George Eliot

George Eliot



George Eliot

George Eliot  1819-1880


Born Marian Evans

Childhood at Arbury Farm, Warwickshire  (rural Midlands)
father was supervisor and land agent.
At 21 (1840), moved to Coventry, broke from Christianity,
At 31  (1850)moved to London, became editor of Westminster Review
Edited by John Stuart Mill ( Utilitarian philosopher)
Meets George Henry Lewes, literary critic, he leaves his wife and children for her,
divorce is illegal, live together until he dies 1878 – excluded from society, brother Isaac refuses to speak to her again

Writes first novel, Adam Bede, at 40, Mill on the Floss at 41, Middlemarch at 53

Norton describes her as the greatest English realist

Particular interest in moral choice and  the position of women in society

Mill on the Floss most autobiographical, Maggie, modeled after herself



  • Smart “The little un takes after my side, now:  she’s twice as ‘cute as Tom.  Too cute for a woman, I’m afraid…”(1323)
  • Romantic, non-conformist “wanderin’ up and down by the water, like a wild thing:  she’ll tumble in some day.” (1323)
  • Doen’t match the contemporary standards of beauty”  But her hair won’t curl all I can do with it…”  1324
  • An oddball – too smart, not feminine enough “this small mistake of nature”
  • Foreshadowing”  where’s the use o’my telling you to keep away from the water?  You’ll tumble in and be drownded some day, an then you’ll e sorry you didn’t do as mother told you.”  (1324)
  • Logical, strong opinions – on quilt making “It’s foolish work tearing things to pieces to sew ‘em toether again.”
  • Too smart for a girl “she understand what one’s talking about so as never was.  And you should hear her read – straight off, as if she knowed it all beforehand.  And allays at her book.  But it’s bad – it’s bad..”a woman’s no business wi’ being so clever;  it’ll turn to trouble, I doubt.”  1327

Maggie’s story about the witch  p.1327

Maggie and her doll  13324

Maggie and Tom  ch 5
What use was anything if he didn’t love her?”  1340  I love you so  Tom….I don’t love you Maggie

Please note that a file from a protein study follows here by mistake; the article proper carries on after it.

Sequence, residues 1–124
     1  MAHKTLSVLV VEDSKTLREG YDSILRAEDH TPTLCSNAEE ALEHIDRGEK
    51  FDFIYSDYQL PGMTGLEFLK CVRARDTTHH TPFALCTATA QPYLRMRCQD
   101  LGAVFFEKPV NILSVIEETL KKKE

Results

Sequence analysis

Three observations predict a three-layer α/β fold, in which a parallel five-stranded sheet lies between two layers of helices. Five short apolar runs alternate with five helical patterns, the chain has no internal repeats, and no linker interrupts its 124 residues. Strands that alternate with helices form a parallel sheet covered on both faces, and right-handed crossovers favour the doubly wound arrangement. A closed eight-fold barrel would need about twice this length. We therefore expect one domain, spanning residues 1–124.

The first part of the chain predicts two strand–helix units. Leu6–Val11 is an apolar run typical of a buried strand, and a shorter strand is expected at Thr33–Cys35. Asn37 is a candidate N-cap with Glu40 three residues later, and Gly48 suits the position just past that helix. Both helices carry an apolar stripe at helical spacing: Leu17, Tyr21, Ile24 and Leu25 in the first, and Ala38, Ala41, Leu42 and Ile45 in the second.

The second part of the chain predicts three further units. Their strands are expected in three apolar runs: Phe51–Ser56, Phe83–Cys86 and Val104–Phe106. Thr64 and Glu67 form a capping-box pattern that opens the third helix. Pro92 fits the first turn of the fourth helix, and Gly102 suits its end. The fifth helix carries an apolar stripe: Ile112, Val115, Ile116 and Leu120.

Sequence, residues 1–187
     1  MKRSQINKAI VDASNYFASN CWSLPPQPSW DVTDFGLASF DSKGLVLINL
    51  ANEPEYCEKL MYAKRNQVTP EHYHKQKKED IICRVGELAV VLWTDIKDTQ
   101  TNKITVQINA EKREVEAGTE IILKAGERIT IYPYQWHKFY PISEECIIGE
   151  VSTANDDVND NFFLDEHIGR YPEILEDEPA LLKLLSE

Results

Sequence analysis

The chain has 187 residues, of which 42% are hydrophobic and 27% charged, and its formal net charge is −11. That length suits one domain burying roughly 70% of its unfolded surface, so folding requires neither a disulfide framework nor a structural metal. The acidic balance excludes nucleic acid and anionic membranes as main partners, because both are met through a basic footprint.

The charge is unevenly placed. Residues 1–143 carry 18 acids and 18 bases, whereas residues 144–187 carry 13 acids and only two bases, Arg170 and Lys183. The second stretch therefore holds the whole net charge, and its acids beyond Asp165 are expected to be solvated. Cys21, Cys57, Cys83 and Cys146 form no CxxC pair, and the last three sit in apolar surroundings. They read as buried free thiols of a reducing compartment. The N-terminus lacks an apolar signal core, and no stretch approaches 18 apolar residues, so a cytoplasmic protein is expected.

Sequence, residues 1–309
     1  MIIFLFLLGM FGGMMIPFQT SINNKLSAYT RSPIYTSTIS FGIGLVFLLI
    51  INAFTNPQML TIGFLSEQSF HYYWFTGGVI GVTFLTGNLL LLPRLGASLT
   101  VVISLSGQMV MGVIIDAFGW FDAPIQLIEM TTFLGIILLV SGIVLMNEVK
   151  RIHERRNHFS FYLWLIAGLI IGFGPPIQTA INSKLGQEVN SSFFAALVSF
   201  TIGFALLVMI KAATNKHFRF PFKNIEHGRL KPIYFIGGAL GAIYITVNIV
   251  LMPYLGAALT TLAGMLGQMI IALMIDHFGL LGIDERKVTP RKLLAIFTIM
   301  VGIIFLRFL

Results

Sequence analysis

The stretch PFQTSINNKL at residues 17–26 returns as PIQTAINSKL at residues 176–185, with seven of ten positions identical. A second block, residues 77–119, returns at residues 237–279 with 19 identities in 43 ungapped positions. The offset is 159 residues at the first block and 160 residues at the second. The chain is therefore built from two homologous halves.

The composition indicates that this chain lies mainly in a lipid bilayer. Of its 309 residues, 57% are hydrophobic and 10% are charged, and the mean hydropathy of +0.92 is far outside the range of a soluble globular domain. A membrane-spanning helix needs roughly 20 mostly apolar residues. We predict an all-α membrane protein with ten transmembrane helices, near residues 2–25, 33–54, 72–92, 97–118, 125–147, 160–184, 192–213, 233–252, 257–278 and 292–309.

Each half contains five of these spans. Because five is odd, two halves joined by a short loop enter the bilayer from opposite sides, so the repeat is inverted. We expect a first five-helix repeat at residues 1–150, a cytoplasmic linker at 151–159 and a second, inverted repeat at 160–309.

• Devoted to Tom:  When he grows up I shall keep his house, and we shall always live together.  I cant ell him everything he doesn’t know. “  1336
  • O tom, please forgive me – I can’t bear it – I will always be good – always remember things – do love me – please, dear  tom.”  1342



  • Hopes of the family rest on him  “What I want is to give Tom a good eddication;  an eddication as’ll be a bread to im.”  1321
  • Not too smart “what I’m a bit afraid on is, as Tom hasn’t got the right sort of brains for a smart felow.  I doubt he’s a bit slowish.  “  1323


  • Needs an education to get on  “I shall give Tom an eddication an’ put him to a business, as he may make a nest for himself, an’not want to push me out o mine.  1326
  • Rigid:  Under these average boyish physiognomies, that she seems to turn off by the gross, she conceals some of her most rigid, inflexible purposes, some of her most unmodifiable characters, and the dark-eyed, demonstrative, rebellious girl may ater all turn out to be a passive being compared with this pink and white bit of masculinity with the indeterminate features.”  1338


  • Arrogant:  “I always have half-sovereign s and sovereigns for Christmas boxes, because I shall be a man and you only have five shilling pieces, because you’re only a girl.”  1339
  • Cold “he was particularly clear and positive on one point – namely, that he would punish everybody who deserved it;  why he wouldn’t have minded being punished himself, if he deserved it;  but then, he never did deserve it.”  1341


  • Still he was very fond of his sister, and meant always to take care of her, make her his housekeeper, and punish her when she did wrong.”  1342



Source: http://occonline.occ.cccd.edu/online/ldanzige/285_Eliot.doc

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George Eliot


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George Eliot